Great careers – Kane Williamson's included - are badly tainted through the shameful capitulation by the New Zealand cricketers across the ditch.
Our greatest test team? What a joke.
A potential cricketing Everest, at least in terms of interest generated and maybe even the result, turned into an avalanche of bitter disappointment and embarrassment.
The Black Caps were a disgrace, the amazing Kiwi crowd at the MCG having to come to the rescue of our cricketing reputation. Australia were magnificent, as they usually are in their tailor-made conditions, but a highly rated New Zealand side disintegrated.
The whole 'New Zealand Saviour of Cricket' nonsense was exposed in Australia, where a stupid good guy act turned the Kiwis into patsies.
It is no coincidence that the only two regulars to thrive were Neil Wagner, who has the classic white line fever, and the cocky Tim Southee.
It takes a strong personality to perform at this level, so you can't doubt the hearts which beat within the likes of Williamson, Ross Taylor and BJ Watling. But when the chips are down in Australia players need something more than that.
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A few of the feisty personalities which drove the New Zealand teams of old - Dion Nash, Adam Parore, John Bracewell and co. – were badly needed here. And while feisty might not be the right term to describe the legendary Richard Hadlee, a ruthless streak meant he would never have rolled over like the current lot did.
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The extent of the disaster was masked a bit, I believe, by a new style of television cricket commentary.
The old hands, Bill Lawry, Ian Chappell, Tony Greig, Richie Benaud and co. would have launched into the Kiwis, giving them all they deserve.
The new combo provided plenty of good analysis, when they weren't perusing their own careers or giggling at their jokes.
Then again, what can you do when you are covering a joke and the never-ending ratings war means you can't keep delivering the real punch lines.
Some of the vaudeville stuff from the commentary box came across as diversionary tactics. And Shane "Warnie" Warne, with the brightest of cricketing minds, is such a natural clown.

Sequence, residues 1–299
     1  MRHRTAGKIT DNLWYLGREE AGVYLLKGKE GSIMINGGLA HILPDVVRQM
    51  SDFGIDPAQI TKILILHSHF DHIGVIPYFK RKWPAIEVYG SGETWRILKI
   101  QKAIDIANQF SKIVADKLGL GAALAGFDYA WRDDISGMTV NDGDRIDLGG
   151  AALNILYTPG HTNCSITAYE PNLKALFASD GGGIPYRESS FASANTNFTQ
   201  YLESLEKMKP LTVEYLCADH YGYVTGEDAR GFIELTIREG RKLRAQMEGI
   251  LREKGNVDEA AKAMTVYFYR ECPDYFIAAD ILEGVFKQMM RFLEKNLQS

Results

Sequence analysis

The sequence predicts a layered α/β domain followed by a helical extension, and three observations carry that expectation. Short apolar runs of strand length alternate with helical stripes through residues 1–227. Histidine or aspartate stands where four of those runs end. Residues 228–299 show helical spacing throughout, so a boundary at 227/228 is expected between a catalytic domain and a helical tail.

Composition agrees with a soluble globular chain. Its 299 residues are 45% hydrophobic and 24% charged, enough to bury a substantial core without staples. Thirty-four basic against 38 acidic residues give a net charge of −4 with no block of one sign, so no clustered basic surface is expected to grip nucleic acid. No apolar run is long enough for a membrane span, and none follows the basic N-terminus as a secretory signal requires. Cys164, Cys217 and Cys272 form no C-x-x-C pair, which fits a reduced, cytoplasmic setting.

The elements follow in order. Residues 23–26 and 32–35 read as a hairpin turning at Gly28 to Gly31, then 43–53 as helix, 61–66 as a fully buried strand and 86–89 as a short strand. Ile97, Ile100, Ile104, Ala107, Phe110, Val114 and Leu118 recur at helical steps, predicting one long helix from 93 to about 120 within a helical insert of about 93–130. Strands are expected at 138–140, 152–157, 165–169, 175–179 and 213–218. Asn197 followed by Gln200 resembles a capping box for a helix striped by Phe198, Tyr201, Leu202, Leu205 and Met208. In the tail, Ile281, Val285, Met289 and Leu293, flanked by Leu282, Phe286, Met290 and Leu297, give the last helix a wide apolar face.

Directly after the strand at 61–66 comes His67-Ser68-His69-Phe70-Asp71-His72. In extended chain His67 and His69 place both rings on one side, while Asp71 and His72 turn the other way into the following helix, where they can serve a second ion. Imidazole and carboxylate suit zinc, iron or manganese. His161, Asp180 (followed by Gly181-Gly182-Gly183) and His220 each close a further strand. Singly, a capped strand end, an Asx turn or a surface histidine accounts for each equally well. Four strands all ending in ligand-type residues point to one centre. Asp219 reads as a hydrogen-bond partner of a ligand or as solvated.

By the end, it had gotten so bad that the Black Caps were completely overshadowed by one man's old Baggy Green, the auctioning of Warne's cricket cap for bush fire relief taking centre stage.
In a nutshell, the highly anticipated three test series against Australia, involving a very rare Boxing Day test appearance, could not have gone any worse from a New Zealand point of view.
Less than six months after New Zealand's lucky World Cup campaign finished in a weird kind of luckless glory, the Black Caps head home from Australia in the nearest thing to disgrace.
They were a shambles and it means we will never look at the career of Williamson in the same light again. Nor Taylor's unfortunately.
I've long argued that sophisticated and complex Martin Crowe remains our finest test batsman, that Williamson's figures are deceptive although he is of course a wonderful batter.
Williamson is a home track specialist, and he looked inept in this series. His leadership was uninspiring, and his command at the selection table, from the outside, confusing.
Taylor broke our test runs record, and he goes down as a Kiwi cricketing legend. But who cares right now? His poor series was summed up by the final innings in Sydney, where he got lost in a lost cause.
Tom Latham was handed a poisoned chalice as captain of the sinking ship at the SCG but he came across as a leader too keen to get into a life raft.
The only man to escape with his reputation enhanced is the magnificent Wagner. He became a cult hero, and his do-or-die attitude made most of his allies appear even worse. Wagner's haul of superstar wickets marked his performance down as one of the great bowling efforts in history.
Veteran new ball bowler Southee gets a decent pass mark (and of the newcomers makeshift opener Tom Blundell can be excused well and truly).
But Watling failed in his rescue-act role, and if Henry Nicholls is a world top 10 batsman then so is Trent Boult.
Speaking of Boult, the world class left armer was handicapped by injury but take away his swing and he looks pretty ordinary.
This brings us to coach Gary Stead, who must surely be fighting to save his job. The idea of Stead and Latham combining one day to lead this mob is scary. It's also time to consider another selector for Gavin Larsen.
On the topic of selections, leaving Southee out in Sydney is one of the craziest things I've seen in New Zealand sport. They needed all the experience they could get out there, and he was bowling well.
It made you feel that Stead and co. didn't really understand what they were involved in, the place this series held in history. It was time for all hands on deck, not running up the white flag. Only Wagner seemed to really get it.
As for random bright spots…
It was fantastic to see former captain Brendon McCullum still contributing as a critic. (an antidote to Sir Steve Hansen's sad declaration that former All Black coaches and players should adhere to a code of silence).
And Wellington's Devon Conway - who qualifies for New Zealand in September - is one of the hottest batting prospects for ages. Straw clutching is the only solace for now.